Here are things that I discussed back in 2010 – cost of the solution, delivery model, global access, faster implementation, scaling. We learned a lot of about PLM and cloud for the last four years. Today, I want to make a reality check for list of things I discussed before in lights of what cloud PLM can or cannot do.

1- Cost

Cloud PLM made a mental switch in everything we knew about PLM before. According to Engineering.com article, cloud affected negatively on-premise PLM market. Cloud PLM created expectations for alternative pricing models and pushed all vendors to think how to turn PLM into service offering. Today, you can buy cloud PLM subscription with no upfront cost and hardware investment, which is a very good thing. However, I don’t think, total cost of ownership is different if you will calculate it on the period of 5 years. I’d love to see and learn more about that and love if you can share your comments.

2- Deployment, scale and IT

One of the best thing delivered by cloud PLM is related to deployment and IT cost. You can buy and deploy it instantly – almost similar to how you can open a new Gmail account. As a customer, you don’t need to worry about servers, setup cost, ordering hardware. You don’t need to negotiate with IT installation time. However, you cannot eliminate IT completely, especially if you are large company. For most of situations, you will have to discuss and make an alignment with IT about issues related to security and information access.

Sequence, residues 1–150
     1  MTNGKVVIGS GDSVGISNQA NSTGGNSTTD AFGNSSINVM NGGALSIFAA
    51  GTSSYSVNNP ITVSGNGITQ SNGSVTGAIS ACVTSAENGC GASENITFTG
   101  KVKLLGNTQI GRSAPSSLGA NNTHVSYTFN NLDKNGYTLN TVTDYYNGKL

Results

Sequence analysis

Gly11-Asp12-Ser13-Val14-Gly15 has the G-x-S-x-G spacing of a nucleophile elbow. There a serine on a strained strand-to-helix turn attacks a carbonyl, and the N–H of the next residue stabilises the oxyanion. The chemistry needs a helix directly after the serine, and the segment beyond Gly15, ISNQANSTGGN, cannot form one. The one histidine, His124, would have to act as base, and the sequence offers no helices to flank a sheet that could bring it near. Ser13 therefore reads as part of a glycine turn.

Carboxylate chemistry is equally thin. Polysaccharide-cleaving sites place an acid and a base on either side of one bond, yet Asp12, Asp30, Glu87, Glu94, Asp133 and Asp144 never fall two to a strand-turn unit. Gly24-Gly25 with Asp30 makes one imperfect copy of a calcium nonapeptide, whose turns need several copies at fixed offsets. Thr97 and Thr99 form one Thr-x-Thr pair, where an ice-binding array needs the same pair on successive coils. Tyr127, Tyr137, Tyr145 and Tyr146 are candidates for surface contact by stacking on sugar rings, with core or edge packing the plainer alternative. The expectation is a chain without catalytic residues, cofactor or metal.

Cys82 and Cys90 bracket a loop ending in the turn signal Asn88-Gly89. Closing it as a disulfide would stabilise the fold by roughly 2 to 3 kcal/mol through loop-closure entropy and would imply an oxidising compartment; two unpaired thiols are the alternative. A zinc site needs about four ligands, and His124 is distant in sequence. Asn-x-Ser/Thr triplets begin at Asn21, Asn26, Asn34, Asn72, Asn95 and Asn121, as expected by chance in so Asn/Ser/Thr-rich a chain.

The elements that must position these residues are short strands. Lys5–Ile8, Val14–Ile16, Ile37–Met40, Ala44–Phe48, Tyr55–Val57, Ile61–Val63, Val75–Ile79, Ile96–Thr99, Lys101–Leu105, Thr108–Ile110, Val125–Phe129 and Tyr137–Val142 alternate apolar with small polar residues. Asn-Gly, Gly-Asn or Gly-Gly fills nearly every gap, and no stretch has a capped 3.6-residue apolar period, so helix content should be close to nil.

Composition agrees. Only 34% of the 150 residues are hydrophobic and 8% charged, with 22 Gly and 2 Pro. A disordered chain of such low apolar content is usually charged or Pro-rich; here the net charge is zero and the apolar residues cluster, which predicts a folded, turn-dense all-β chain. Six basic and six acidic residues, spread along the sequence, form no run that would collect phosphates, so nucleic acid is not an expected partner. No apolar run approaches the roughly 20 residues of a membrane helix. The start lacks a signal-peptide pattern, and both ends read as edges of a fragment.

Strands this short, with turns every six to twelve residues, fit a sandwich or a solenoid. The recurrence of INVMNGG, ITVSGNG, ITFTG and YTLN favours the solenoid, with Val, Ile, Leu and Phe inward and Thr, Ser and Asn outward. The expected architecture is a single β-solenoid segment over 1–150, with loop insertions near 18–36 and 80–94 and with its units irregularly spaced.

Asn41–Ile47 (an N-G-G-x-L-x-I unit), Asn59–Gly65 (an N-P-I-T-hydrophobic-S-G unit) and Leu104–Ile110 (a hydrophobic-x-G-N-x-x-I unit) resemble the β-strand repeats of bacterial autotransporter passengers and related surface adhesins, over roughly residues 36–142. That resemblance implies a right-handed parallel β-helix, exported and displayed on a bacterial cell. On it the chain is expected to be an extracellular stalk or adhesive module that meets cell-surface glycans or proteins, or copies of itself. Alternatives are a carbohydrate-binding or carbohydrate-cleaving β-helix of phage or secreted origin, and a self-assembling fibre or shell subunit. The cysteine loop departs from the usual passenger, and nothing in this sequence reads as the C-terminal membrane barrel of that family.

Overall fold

3- Faster Implementation

So, you can buy cloud PLM without upfront cost, you can deploy it overnight. What about PLM implementation? Implementation is an interesting thing. I’d like to speak about two aspects of implementations – 1/Configuration and customization; 2/ Implementations of business processes.

Four years ago, many companies were concerned about capability of web/cloud applications to deliver the level of flexibility, customization and configurations similar to on-premise PLM deployments. It is true, for most of situations, you cannot hack your cloud PLM with simple SQL script. However, I think, the flexibility of cloud PLM tools today is similar to on-premise PLM systems. However, flexibility of cloud PLM tools cannot provide real advantages compared to on-premise tools. Thanks for virtualization and modern collaboration technologies you can run your implementation remotely also for on-premise PLM systems.

Implementation of business processes is an interesting aspect of PLM implementation. In practice it means to define data structures and business processes. Cloud PLM won’t provide any advantages here. It is all about people, processes and organizational changes. So, the ugly truth is that cloud PLM won’t reduce your need of implementation services. In case of on-premise PLM, implementation will be done on site and collaborate with IT – installing, configuring and debugging customized software. In case of cloud PLM, you will need to work with cloud PLM vendor or hosting provider.

What is my conclusion? Cloud computing changed a lot in our life. PLM on the cloud can do many things differently. With much lower upfront cost and simple deployment, it opens PLM doors for many companies that never thought can buy and implement PLM systems before. However, when it comes to implementation and services, cloud PLM won’t do much different from on-premise PLM systems. You still need to implement it. It will require business process planning and implementation cost. Just my thoughts…